Prefer App Aims to Reinvent the Gig Economy with Client Relationships

The gig economy has given so many more options to professionals looking to provide services, and to businesses and individuals looking to hire skilled professionals. But the process hasn’t always been very personal.

Typically, when someone is looking to hire a professional, they might look for reviews online or even use an app to find the closest service provider. But now, there’s an app that’s aiming to make personal recommendations a bigger part of the process.Prefer App Aims to Reinvent the Gig Economy with Client Relationships

The Prefer App

The app is called Prefer. It’s one part review site and one part social network. Instead of simply searching for a service provider and seeing a one-dimensional ratings scale, you can use the app to connect with people you know and trust and then see their personal recommendations.

This type of thing could be a big win for those working in the gig economy. If you’re a professional who values building relationships with clients and providing really top-notch service, personal recommendations can be a whole lot more effective than a simple star rating that’s based mostly on the opinions of strangers.

Personal recommendations have always been a big part of how small businesses succeed. But for ages, those referrals have taken place mainly by word of mouth. If an app like Prefer can help businesses and professionals leverage technology to increase the reach of those personal recommendations, it could mean a big boost for the gig economy as a whole.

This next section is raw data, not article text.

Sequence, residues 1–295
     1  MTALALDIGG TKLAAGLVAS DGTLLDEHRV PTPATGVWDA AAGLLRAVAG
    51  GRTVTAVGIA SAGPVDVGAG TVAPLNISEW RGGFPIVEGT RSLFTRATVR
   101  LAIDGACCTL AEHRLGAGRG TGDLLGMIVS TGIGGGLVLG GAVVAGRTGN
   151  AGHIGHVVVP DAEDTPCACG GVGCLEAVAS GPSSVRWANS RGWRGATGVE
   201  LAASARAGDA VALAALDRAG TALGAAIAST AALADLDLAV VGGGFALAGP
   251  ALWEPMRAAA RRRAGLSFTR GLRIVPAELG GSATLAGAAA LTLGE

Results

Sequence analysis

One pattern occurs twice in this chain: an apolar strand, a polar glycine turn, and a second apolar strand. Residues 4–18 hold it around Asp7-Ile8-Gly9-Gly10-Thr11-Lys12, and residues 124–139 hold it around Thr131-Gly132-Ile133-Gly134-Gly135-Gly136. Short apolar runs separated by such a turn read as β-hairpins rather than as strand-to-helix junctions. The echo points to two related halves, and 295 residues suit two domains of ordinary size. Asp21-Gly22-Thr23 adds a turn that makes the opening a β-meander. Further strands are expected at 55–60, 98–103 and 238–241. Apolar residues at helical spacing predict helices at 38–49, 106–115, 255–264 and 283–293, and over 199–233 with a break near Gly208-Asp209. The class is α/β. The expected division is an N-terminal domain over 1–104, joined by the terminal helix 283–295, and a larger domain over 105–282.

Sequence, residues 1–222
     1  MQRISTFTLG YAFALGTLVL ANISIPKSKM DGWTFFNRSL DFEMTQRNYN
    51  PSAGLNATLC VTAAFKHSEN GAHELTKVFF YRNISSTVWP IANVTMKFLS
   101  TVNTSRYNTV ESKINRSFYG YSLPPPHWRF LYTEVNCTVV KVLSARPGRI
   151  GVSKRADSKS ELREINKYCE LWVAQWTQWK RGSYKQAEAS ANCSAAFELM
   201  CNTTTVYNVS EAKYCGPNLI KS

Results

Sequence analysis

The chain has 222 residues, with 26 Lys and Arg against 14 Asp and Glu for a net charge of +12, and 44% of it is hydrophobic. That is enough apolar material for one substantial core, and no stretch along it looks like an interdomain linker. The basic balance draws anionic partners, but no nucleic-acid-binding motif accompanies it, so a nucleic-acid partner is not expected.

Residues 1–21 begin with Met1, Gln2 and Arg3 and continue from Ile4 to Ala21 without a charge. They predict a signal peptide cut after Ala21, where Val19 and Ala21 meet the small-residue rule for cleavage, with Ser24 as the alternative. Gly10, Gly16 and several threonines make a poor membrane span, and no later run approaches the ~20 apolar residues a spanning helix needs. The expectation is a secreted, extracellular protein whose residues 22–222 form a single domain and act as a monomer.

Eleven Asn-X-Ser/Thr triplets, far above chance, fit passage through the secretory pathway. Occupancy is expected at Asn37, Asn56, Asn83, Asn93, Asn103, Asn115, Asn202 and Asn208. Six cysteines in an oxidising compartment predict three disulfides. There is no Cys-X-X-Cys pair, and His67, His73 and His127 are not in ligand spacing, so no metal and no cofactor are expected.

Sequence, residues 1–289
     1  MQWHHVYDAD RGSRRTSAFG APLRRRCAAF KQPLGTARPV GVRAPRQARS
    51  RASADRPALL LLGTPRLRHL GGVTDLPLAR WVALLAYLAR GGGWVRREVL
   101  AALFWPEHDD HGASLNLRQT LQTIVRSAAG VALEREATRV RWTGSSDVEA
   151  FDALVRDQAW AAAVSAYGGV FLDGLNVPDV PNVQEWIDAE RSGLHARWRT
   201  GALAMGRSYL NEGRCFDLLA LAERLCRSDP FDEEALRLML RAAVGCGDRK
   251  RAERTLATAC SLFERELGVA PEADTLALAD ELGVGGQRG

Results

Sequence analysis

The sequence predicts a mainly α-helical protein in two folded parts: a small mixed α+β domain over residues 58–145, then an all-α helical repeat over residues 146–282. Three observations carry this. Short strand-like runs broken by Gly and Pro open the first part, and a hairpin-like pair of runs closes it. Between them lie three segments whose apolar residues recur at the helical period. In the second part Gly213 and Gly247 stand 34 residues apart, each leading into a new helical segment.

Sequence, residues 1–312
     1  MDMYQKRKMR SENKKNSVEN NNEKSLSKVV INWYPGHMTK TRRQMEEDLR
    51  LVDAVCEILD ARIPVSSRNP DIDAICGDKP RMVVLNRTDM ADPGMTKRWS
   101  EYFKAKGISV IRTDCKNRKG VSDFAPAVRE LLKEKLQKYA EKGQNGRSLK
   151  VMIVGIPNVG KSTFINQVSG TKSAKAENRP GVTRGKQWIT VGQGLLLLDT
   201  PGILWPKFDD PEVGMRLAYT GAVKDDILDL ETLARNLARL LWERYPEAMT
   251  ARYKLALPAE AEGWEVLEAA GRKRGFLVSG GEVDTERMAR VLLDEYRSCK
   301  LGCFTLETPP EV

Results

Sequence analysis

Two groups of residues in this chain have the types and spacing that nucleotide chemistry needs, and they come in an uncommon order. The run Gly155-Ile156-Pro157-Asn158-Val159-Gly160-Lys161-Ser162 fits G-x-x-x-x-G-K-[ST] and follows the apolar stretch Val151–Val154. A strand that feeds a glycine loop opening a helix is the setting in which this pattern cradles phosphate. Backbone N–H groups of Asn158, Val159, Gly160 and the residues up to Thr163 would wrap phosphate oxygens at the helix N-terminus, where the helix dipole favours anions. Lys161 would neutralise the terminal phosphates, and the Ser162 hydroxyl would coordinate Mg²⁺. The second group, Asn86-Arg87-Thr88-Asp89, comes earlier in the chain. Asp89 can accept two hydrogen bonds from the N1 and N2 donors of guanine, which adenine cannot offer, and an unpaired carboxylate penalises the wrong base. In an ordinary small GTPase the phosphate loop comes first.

Currently, the service is only available in New York City. But those interested in using the Prefer app in other cities can sign up to be alerted when it becomes available.

5 Industries Struggling with the Current Economy

Now that the market is strong for many industries, and banks are feeling more generous when it comes to lending, entrepreneurs around the country are considering business startups. However, it’s important to recognize that the market has major ups and downs, and with 90 percent of startups failing, it’s best to avoid a tanking industry. Here are a few things you should know about struggling industries and how to avoid any detrimental experiences.

1. Oil

Oil and gas companies are struggling severely right now. While oil and gas experienced an economic boom at the end of the second quarter in 2014, things have made a turn for the worst. The number of operating oil rigs has diminished significantly, as the price of a barrel of oil has been cut almost in half since June 2014.

Hundreds of thousands of workers have lost their jobs as a result of uneven supply and demand. In the United States, oil production has nearly doubled over the last six years. It was booming at the start, but since that time, we can’t keep up with the endless supply of oil that has been drilled.

Though every oil company has taken a direct hit, many have been able to fight the economic downturn by improving their efficiencies.  This involves cutting capital expenditures and reducing debt. By cutting down on any unnecessary expenses and labor costs, these companies have been able to find a productive niche in a difficult economy. This will keep them going until the oil industry improves.